touch slack-message.js

Add the following code to that slack-message.js file:

const axios = require("axios")

/**
 * Send a basic text message into Slack.
 *
 * @param {*} message
 * @param {*} [channel=process.env.SLACK_CHANNEL]
 * @returns
 */
function sendText(message, channel = process.env.SLACK_CHANNEL) {
  return new Promise((resolve, reject) => {
    const data = {
      text: message,
    }
    postToChannel(data, channel)
      .then(res => resolve(res))
      .catch(err => reject(err))
  })
}

/**
 * Post the Slack data to a channel.
 *
 * @param {Object} data
 * @param {String} [channel=process.env.SLACK_CHANNEL]
 * @returns
 */
async function postToChannel(data, channel = process.env.SLACK_CHANNEL) {
  return await axios
    .post(channel, data, {
      headers: {
        "Content-Type": "application/json",
      },
    })
    .then(res => res.data)
    .catch(err => err)
}

exports.handler = async function(_, context) {
  await sendText("Lambda Cron job message")
}

In the above, I basically have two helper functions for Slack sendText and postToChannel which creates a basic text message in the appropriate format for Slack from the API documentation and uses axios to make that request for us.

The exports.handler is our function that we want Lambda to invoke when it has been called. Here, we will simply call sendText("Lambda Cron job message") to send out message into Slack!

The name of the export also aligns to the handler: "slack-message.handler" property in our CDK setup (it basically goes file.exportedFunctionWeWantToInvoke).

Running the CDK

We are now ready to run the CDK!

npm install -g aws-cdk # if you have not already installed aws-cdk globally
npm install
npm run build # convert the infra TS file

Once the above is done, we can synthesize, deploy or destory using the cdk command.

You can run cdk help for more information, but basically what we will want to do is run the following:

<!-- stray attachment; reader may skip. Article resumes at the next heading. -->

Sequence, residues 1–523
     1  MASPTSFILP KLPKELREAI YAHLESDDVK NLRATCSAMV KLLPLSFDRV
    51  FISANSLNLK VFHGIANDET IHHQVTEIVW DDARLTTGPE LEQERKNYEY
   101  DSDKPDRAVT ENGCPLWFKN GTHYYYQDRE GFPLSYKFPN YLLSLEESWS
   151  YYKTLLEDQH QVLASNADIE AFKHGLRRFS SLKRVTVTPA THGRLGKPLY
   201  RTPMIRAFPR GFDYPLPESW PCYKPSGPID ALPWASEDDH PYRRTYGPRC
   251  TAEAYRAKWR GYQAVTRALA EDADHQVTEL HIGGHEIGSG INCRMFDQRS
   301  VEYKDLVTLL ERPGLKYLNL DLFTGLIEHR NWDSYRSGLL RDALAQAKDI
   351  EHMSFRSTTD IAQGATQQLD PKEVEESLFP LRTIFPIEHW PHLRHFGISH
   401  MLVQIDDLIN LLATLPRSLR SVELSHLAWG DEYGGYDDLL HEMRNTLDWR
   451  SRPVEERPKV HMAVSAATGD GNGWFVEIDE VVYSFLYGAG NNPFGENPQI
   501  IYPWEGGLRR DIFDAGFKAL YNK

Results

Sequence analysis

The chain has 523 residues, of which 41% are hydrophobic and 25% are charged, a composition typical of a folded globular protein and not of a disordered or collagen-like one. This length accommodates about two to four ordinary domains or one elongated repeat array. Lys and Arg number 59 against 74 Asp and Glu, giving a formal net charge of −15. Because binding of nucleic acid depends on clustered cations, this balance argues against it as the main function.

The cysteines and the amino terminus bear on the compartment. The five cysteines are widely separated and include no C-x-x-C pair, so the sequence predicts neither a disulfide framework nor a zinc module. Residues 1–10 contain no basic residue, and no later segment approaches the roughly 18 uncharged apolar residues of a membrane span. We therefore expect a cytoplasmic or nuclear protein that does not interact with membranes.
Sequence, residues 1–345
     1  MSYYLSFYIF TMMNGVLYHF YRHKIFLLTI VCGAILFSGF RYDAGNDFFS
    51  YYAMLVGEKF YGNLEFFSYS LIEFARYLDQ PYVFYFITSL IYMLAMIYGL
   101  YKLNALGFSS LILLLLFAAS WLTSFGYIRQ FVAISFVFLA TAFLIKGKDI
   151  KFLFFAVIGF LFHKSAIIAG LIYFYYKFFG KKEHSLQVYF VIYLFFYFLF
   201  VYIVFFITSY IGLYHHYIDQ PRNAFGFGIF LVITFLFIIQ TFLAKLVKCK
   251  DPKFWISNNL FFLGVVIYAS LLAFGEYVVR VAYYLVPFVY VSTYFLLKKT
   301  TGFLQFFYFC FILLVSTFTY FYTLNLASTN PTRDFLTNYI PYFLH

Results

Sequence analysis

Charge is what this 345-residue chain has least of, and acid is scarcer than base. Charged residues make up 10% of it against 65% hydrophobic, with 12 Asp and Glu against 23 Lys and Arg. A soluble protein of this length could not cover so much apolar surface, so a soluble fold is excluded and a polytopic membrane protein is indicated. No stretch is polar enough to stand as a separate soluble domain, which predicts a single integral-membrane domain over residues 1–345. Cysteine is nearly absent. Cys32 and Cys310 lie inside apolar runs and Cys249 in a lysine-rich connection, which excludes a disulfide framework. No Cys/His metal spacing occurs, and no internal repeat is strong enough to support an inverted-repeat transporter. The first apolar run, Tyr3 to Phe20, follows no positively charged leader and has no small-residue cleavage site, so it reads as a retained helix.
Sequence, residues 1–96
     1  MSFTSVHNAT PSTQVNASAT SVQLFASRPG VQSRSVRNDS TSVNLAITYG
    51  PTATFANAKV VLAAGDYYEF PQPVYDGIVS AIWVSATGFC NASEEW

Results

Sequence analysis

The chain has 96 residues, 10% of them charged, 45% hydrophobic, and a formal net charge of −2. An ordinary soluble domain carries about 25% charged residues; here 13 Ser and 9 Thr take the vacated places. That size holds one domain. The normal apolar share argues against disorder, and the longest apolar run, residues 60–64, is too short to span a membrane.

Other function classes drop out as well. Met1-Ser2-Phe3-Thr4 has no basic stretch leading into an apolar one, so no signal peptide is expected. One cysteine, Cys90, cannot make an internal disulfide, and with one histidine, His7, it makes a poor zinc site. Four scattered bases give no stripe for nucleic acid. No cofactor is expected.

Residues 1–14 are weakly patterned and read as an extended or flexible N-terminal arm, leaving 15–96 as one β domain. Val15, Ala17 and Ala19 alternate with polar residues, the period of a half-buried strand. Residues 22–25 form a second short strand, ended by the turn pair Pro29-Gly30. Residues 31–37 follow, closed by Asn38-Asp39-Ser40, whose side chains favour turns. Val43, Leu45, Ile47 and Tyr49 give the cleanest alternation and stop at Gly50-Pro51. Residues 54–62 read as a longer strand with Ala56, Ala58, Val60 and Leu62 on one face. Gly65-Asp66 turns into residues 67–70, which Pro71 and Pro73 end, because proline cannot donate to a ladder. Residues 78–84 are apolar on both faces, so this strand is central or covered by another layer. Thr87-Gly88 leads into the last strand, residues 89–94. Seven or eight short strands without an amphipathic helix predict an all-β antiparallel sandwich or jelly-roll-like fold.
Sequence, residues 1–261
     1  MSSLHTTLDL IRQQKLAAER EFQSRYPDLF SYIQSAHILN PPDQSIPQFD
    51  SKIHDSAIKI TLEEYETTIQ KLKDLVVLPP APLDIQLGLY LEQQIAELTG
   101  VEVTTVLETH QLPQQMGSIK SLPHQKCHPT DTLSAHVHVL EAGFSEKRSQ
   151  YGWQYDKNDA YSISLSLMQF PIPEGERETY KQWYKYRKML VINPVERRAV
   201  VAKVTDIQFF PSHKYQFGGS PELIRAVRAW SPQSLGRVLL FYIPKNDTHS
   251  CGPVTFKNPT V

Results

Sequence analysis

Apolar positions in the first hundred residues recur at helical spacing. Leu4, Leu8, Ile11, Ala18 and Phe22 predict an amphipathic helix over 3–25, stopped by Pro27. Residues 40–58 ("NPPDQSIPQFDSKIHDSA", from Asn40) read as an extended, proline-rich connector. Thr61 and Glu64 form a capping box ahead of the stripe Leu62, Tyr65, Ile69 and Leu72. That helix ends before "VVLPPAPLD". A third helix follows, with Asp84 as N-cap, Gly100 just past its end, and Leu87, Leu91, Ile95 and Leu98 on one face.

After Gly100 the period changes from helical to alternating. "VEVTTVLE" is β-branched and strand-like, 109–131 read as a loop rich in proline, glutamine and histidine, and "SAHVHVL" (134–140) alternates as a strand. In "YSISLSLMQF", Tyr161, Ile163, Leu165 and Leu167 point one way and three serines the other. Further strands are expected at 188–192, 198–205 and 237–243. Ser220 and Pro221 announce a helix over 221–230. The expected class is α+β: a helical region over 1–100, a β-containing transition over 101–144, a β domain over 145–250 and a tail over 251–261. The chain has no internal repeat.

cdk synth # synthesise the file
cdk deploy

You may also be required to run cdk bootstrap if it mentions it.

If successful, we will now have our lambda function deployed to AWS! Check Slack within the next minute or so to confirm things are working as expected.

Successful Slack message from the invoked lambda function

Congratulations! You can now run cdk destroy to teardown the AWS resources (unless you are so inclined to receiving that message every minute on Slack and enjoying the bill).

This can be reapplied for you to do whatever Cron jobs you would like! Life is fantastic. Happy coding!

See the completed project on GitHub.

Resources and Further Reading

A list of further reading or resources referenced throughout the post.

  1. How Zalando use lambda cron in Java
  2. AWS CDK GitHub example for lambda-cron
  3. AWS Lambda Reference
  4. Cron examples in AWS
  5. Creating a serverless app with the AWS CDK
  6. Warning for CDK env var parsing
  7. Synthesizing and destroying resources
  8. AWS CDK Credential Provider
  9. NPM website
  10. Setup AWS Credentials
  11. Slack Webhook Documentation
  12. Project repo for okeeffed/lambda-cron-cdk-example

Image credit: Caspar Camille Rubin


A personal blog on all things of interest. Written by Dennis O'Keeffe, Follow me on Twitter